By Michael E. Miller
By Ryan Yousefi
By Kyle Munzenrieder
By Sabrina Rodriguez
By Michael E. Miller
By Carlos Suarez De Jesus
By Luther Campbell
By Kyle Munzenrieder
The Ballad of the Oppressed Is Not Sung to the Rhythm of the Oppressor
Judy Cantor's article "Isla de la Musica" (May 28) is both misleading and myopic. It subtly attempts to obscure the fact that the isla is grossly deficient in basic civil liberties owing to the rule of a ruthless regime that now caters to unscrupulous foreign business investors.
She cites the Cuban government as granting musicians "free agent" status, thereby allowing them to keep the fees they earn while performing abroad and being subject only to an "income tax." To any novice on the Cuban issue, that could be appallingly misleading. The regime's laws and system impose the subordination of the musician to the state, and that includes the remuneration aspect. Castro's version of an income tax is only a semantic alteration of the previous policy. The state continues in practice to retain the bulk of the fees received.
Ethical priorities are profoundly misplaced when the greatest sense of loss the article implies is that of the Americans missing out on Cuban music and financial opportunities. In Cuba, musicians (as well as the rest of the population) are not free to speak or sing their minds. Ideological adherence is required. Possible deviators from the revolution's drumbeat are not allowed to leave the island. Any minute toleration is targeted and calculatedly permitted. This selective forbearance is limited and makes a mockery of the notion of free expression. It is Madison Avenue a la Castro.
The sounds that come loudest from Cuba are those of the repression the people on the isla (including musicians) are suffering. It is their agony I hear. Cuba's divorce from modernity, her isolation, is the result of the quarantine imposed on the Cuban people by a 39-year communist tyranny. No matter how loud Castro turns up the music, Cuba's pain and plight will not be silenced. It is a shame when one hears only the rhythm of the oppressor and not the ballad of the oppressed.
Julio M. Shiling
Step Right Up for Bruno's Political Circus!
The headline for Jim DeFede's story about the county's District 5 election ("Prestige Politics," May 28) unfortunately has become an oxymoron in our society, not a reference to any of the candidates' mental capacities. Having been an extremely long-shot candidate (million-to-one odds would have been an understatement) for the District 5 seat in 1993, and having held the highly coveted Republican Party's District 19 committeeman seat, I have on many occasions dealt with this cadre of Machiavellian clowns.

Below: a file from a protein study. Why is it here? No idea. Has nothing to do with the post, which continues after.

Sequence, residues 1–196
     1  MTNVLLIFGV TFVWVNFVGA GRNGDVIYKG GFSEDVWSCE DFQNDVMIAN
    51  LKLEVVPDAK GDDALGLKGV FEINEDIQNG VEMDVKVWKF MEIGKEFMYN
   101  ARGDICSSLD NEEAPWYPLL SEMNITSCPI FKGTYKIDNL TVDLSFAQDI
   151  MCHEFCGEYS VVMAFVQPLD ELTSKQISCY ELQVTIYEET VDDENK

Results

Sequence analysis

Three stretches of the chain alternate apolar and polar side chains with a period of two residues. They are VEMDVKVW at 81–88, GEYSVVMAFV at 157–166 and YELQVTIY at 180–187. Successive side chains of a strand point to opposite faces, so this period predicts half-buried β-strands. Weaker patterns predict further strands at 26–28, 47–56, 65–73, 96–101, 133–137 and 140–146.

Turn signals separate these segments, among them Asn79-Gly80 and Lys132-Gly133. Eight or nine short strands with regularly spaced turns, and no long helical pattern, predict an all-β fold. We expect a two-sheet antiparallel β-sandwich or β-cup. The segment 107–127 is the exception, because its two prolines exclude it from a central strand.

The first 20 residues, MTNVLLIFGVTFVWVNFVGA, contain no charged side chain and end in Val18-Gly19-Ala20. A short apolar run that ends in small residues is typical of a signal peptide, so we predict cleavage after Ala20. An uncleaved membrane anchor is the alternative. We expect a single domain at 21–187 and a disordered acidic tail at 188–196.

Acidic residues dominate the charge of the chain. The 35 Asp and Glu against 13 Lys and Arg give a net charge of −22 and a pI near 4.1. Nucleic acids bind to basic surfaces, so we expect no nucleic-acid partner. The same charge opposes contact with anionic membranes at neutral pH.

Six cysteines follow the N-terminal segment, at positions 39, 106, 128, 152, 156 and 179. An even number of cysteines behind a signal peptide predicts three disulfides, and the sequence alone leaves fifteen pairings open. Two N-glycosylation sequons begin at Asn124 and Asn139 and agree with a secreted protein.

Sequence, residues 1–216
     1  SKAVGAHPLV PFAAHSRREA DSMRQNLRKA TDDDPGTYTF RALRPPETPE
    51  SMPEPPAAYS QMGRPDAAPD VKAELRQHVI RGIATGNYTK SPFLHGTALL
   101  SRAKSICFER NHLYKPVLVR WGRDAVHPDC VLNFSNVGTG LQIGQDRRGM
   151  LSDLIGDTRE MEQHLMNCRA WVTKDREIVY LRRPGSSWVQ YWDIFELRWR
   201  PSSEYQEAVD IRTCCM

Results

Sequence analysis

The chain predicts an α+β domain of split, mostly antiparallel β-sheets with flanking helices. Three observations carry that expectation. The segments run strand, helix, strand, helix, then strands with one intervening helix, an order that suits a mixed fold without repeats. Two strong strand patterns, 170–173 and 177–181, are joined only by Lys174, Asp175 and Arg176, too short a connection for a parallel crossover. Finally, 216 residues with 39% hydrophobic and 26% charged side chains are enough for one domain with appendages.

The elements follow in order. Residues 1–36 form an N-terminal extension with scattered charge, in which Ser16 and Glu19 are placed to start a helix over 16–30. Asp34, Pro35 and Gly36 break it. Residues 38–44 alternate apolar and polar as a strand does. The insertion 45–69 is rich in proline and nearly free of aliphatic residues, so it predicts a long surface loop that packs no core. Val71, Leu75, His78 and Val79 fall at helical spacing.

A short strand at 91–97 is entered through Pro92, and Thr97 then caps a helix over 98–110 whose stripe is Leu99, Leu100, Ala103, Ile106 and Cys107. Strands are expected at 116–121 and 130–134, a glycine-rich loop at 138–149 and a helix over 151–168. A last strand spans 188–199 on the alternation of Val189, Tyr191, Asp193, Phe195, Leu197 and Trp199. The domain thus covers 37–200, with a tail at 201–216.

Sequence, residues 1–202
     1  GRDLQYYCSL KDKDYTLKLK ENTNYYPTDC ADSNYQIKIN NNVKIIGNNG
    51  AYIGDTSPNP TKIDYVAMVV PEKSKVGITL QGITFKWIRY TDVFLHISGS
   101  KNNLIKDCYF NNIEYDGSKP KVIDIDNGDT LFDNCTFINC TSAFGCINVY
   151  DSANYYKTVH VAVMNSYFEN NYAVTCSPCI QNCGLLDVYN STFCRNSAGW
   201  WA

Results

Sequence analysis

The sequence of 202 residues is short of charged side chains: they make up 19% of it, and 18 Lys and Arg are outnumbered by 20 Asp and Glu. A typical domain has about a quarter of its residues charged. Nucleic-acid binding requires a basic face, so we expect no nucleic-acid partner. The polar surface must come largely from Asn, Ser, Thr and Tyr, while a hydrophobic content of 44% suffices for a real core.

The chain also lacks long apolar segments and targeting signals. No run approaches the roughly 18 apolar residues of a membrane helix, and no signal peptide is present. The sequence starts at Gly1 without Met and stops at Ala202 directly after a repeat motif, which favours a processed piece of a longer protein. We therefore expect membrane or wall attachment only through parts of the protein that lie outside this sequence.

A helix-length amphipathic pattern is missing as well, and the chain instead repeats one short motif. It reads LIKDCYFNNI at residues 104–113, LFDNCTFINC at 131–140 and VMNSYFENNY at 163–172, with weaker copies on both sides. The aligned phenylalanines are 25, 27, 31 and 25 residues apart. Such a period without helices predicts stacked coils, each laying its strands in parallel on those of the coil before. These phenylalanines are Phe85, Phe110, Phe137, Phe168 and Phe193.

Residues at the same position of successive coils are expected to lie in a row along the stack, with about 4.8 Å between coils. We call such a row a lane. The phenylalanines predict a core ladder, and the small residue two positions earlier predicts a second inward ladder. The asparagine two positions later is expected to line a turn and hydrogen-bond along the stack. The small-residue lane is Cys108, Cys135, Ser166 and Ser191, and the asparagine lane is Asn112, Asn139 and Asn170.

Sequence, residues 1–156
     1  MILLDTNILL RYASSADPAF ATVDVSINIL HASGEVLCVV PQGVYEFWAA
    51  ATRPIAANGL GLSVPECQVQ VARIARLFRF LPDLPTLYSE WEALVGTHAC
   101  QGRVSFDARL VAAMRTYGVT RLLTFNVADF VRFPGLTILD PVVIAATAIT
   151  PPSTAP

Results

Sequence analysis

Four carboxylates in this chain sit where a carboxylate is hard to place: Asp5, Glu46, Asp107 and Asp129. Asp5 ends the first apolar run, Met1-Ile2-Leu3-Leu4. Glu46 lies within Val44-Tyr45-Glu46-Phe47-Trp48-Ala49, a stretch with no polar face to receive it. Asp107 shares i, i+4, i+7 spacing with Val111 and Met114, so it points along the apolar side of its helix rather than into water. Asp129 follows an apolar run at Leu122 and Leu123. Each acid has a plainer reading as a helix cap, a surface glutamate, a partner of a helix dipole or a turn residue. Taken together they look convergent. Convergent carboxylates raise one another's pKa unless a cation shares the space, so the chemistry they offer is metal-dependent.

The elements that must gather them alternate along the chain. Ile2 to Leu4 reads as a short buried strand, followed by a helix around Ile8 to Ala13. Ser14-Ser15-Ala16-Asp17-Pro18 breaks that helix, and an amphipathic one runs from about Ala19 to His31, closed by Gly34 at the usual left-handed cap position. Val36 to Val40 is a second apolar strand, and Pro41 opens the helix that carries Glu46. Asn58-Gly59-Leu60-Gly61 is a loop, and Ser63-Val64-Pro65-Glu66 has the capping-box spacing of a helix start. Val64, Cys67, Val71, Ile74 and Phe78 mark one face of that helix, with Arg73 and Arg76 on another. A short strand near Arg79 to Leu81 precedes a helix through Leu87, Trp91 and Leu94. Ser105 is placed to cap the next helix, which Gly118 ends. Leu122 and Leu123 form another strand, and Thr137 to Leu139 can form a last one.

What choices: Janitza Kaplan, whose husband we all know so much about; and Bruno Barreiro, Jr., the nicest guy in politics with the intellectual capacity of a lemming. (That's a compliment, Bruno.) As a matter of fact, these individuals are worthy of pity, for they will give up anything (including their dignity) to join the other clowns and puppets who inhabit the circuses called county hall, city hall, the state capitol, or Washington, D.C.
The truly sad part of all this is that these circuses and their clowns have the power to drain our wallets, so much so that even a thousand-dollar ticket to Ringling Brothers would seem like a bargain.
Hey Bruno, Wanna Go Fishin'?
Is it just me or does Bruno Barreiro remind you of Fredo in The Godfather, Part II: "I'm smart, Mikey. I'm smart!"
And May Your Rent Never Rise
I am writing in response to Ted B. Kissell's article about Anton Philipp ("From Bad to Wurst," May 21). I have been a tenant of Mr. Philipp for two years, and my experience with him has been in no way similar to what was mentioned in that article.
In the time I have lived in his building, Mr. Philipp has continually improved it. He was always show a willingness to work with me in arranging financial details and fixing/ replacing things in the apartment. I am very pleased with him as a landlord and a person. It also gratifies me to be able to say this about a gentleman from Germany, which is proof that the healing between our people has truly begun.
Rabbi Bradley Dick
I Lost It at Blue Lagoon
Regarding Blue Lagoon Lake receiving Best Place to Jet Ski in your "Best of Miami" issue (May 14) and the letter you published that condemned the award, I have been on Blue Lagoon almost every day since 1988. As president of Fun Watersports of Miami, Inc., a water-ski and Jet Ski rental operation located since 1989 at the Miami Airport Hilton Hotel (and recommended in a past "Best of Miami"), and as a water-sports safety consultant and concerned citizen, I would like to say the following:
I was the person who, in 1997, found what appeared to be a small sick manatee in Blue Lagoon. I called the proper authorities. We were not using that part of the lake, nor did we see anyone come in contact with the manatee. Using our ski boat and my staff, we took the animal to a truck, which I was told would take it to the rescue facility at Miami Seaquarium. I was told it later died, but I did not attend its autopsy.